• The Silicon Valley Bank (SVB) is facing a financial crisis due to Federal Reserve (Fed) Chairman Jerome Powell’s hawkish macroeconomic view and tightening policies.
• SVB launched a $1.75 billion securities sale to raise capital and try to recoup its earlier losses, raising concerns among investors.
• Californian regulators have closed the bank, leading to major disruption and uncertainty amongst investors.
Silicon Valley Bank in Crisis
The Silicon Valley Bank (SVB) is facing a significant downturn in its shares, falling more than 60% since Thursday due to Federal Reserve (Fed) Chairman Jerome Powell’s hawkish macroeconomic view and tightening policies. This has caused major disruption and uncertainty amongst investors in the over 40 year old bank.
In an attempt to raise capital for recouping its earlier losses, SVB launched a massive $1.75 billion securities sale on Wednesday which raised further concerns amongst investors as it is unclear whether it will be sufficient for covering their losses. Additionally, Silicon Valley Bank CEO Gregory Becker has been calling customers to assure them their capital is “safe” in the bank, however this proved inaccurate due to the subsequent events.
Closed by Regulators
Californian regulators have subsequently closed down the bank until further notice, leading many employees of SVB sent home until then with no clear indication as to when they may return or what will happen next with the company. This latest event marks one of the largest bank failures in history according to several reports regarding this issue.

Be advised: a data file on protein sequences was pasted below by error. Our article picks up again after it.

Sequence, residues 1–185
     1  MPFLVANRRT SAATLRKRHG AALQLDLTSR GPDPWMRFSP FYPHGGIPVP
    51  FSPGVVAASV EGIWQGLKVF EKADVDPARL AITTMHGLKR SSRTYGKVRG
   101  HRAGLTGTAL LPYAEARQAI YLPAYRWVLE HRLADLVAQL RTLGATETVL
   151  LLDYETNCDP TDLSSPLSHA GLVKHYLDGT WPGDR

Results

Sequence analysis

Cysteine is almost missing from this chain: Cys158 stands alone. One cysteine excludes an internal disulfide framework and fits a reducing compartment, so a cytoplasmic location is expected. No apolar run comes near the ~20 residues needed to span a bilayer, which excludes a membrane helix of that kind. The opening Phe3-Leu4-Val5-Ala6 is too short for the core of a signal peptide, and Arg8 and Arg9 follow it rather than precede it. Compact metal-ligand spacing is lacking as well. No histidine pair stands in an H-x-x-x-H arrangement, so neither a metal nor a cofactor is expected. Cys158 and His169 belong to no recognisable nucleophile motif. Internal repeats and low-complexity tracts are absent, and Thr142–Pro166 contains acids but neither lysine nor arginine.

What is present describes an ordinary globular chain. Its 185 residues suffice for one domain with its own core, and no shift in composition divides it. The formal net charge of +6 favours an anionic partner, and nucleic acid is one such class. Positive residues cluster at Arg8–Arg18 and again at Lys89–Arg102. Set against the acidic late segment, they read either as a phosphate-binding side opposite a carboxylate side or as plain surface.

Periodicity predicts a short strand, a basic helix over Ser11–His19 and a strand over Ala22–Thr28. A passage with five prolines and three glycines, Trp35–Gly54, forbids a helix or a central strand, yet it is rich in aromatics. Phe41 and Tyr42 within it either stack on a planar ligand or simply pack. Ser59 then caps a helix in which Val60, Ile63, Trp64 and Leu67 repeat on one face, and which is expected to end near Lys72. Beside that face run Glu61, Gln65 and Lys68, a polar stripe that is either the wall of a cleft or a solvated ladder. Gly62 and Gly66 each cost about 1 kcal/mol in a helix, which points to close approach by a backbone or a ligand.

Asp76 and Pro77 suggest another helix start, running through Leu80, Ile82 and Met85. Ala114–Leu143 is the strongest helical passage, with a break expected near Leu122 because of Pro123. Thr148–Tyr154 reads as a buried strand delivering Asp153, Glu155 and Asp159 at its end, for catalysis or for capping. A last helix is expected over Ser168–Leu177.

As Silicon Valley Financial Group was considering options for exiting this crisis prior to these events including a potential sale, there are now even more questions around what will happen next with the future of this institution up in the air at this point in time. Further implications include further damage caused by policies aimed at controlling inflation which affects technology sector that SVB serves as well as other banks potentially facing similar issues due their reliance on venture capitalists and tech startups for business activity.
It remains uncertain just how much longer Silicon Valley Bank’s troubles will last or what kind of impact it will have on global markets moving forward but it’s clear that tighter regulations from central banks can quickly lead to serious consequences for lenders like SVB who depend on venture capitalists and tech startups for business activity going forward.